German-born American Politician, Ambassador, Secretary of State
"If peace teaches anything it is that there can be no peace without equilibrium and no justice without restraint."
"The great tragedies of history occur not when right confronts wrong, but when two rights confront each other."
"History is not, of course, a cookbook offering pretested recipes. It teaches by analogy, not by maxims. It can illuminate the consequences of actions in comparable situations, yet each generation must discover for itself what situations are in fact comparable."
"One of the paradoxical lessons of the nuclear age is that at the moment when we are acquiring an unparalleled command over nature, we are forced to realize as never before that the problems of survival will have to be solved above all in the minds of men. In this task the fate of the mammoth and the dinosaur may serve as a warning that brute strength does not always supply the mechanism in the struggle for survival."
"[Central Intelligence Agency] analysts were only too aware that no one has ever been penalized for not having foreseen an opportunity, but that many careers have been blighted for not predicting a risk. Therefore the intelligence community has always been tempted to forecast dire consequences for any conceivable course of action, an attitude that encourages paralysis rather than adventurism."
"A crisis does not always appear to a policy-maker as a series of dramatic events. Usually it imposes itself as an exhausting agenda of petty chores demanding both concentration and endurance. One is forced to react to scraps of information in very limited spans of time; longing for full knowledge, one must chart a route through the murk of unknowing."
"Effective policy depends not only on the skill of individual moves, but even more importantly on their relationship to each other."
"Empires have no interest in operating within an international system; they aspire to be the international system."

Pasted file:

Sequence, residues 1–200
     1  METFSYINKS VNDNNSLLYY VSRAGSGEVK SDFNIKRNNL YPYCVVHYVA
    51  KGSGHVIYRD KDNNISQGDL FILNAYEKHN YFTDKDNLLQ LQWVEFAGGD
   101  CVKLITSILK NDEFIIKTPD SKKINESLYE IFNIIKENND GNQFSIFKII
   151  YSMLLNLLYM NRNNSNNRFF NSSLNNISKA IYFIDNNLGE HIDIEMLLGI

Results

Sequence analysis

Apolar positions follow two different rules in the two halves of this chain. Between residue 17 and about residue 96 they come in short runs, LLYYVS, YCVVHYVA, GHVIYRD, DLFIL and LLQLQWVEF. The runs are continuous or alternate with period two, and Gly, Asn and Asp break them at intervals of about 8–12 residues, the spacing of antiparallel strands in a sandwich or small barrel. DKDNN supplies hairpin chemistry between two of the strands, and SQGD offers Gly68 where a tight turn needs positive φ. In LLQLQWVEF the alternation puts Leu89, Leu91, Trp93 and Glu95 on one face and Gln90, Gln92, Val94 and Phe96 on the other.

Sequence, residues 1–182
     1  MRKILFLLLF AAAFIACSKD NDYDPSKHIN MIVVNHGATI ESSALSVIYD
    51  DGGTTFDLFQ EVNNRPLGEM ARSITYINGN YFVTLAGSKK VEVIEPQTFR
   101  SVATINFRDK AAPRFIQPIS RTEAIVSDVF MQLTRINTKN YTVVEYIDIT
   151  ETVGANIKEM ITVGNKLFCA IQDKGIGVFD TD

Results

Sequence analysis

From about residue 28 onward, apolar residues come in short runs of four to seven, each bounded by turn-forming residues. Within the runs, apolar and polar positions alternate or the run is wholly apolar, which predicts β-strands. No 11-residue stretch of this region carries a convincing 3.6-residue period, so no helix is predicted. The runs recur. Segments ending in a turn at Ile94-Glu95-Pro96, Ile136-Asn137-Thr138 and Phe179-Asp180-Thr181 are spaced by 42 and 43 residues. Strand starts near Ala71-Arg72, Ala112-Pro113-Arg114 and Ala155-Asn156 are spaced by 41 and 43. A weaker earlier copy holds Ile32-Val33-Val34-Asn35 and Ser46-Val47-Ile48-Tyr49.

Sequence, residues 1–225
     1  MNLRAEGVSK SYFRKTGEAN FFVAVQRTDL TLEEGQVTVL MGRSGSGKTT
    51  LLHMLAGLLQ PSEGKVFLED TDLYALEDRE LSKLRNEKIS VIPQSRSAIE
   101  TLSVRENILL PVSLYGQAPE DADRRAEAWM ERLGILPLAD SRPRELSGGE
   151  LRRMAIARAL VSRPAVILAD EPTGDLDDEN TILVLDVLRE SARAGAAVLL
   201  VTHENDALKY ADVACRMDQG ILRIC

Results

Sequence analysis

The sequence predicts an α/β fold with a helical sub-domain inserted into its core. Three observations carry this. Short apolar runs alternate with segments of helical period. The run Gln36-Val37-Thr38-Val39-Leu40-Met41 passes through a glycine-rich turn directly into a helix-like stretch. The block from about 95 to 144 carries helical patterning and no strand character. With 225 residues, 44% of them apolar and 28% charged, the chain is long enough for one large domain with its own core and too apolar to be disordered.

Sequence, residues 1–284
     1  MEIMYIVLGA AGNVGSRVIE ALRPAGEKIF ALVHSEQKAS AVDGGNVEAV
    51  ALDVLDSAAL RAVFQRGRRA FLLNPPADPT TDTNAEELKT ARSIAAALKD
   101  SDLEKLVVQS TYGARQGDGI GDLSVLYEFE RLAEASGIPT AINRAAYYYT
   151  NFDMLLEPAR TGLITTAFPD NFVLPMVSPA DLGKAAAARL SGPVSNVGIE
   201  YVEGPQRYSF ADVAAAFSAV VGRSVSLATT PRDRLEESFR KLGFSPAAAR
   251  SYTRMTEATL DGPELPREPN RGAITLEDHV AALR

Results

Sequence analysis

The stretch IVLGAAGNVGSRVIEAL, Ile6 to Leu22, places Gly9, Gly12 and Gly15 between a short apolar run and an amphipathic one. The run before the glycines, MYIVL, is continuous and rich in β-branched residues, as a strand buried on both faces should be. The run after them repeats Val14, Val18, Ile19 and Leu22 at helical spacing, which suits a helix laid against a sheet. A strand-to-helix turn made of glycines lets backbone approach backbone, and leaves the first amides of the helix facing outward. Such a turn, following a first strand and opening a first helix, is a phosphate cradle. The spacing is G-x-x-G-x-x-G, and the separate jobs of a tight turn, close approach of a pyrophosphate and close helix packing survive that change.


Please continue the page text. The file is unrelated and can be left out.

"All truly great achievements in history resulted from the actualization of principles, not from the clever evaluation of political conditions."
"History is not, of course, a cookbook offering pre-tested recipes. It teaches by analogy, not by maxims."
"If history teaches anything it is that there can be no peace without equilibrium and no justice without restrain."
"In crises boldness is the safest course. Hesitation encourages the adversary to persevere, maybe even to raise the ante."
"In crisis the most daring course is often the safest. The riskiest course in my experience has been gradual escalation that the opponent matches step by step, inevitably reaching a higher level of violence and often an inextricable stalemate."
"In a society of sovereign states, an agreement will be maintained only if all partners consider it in their interest. They must have a sense of participation in the result. The art of diplomacy is not to outsmart the other side but to convince it either of common interests or of penalties if an impasse continues."
"Intelligence is not all that important in the exercise of power and is often, in point of fact, useless. Just as a leader doesn't need intelligence, a man in my job doesn't need too much of it either."
"It is generally unwise… to raise an issue when one is not prepared to accept the likely response."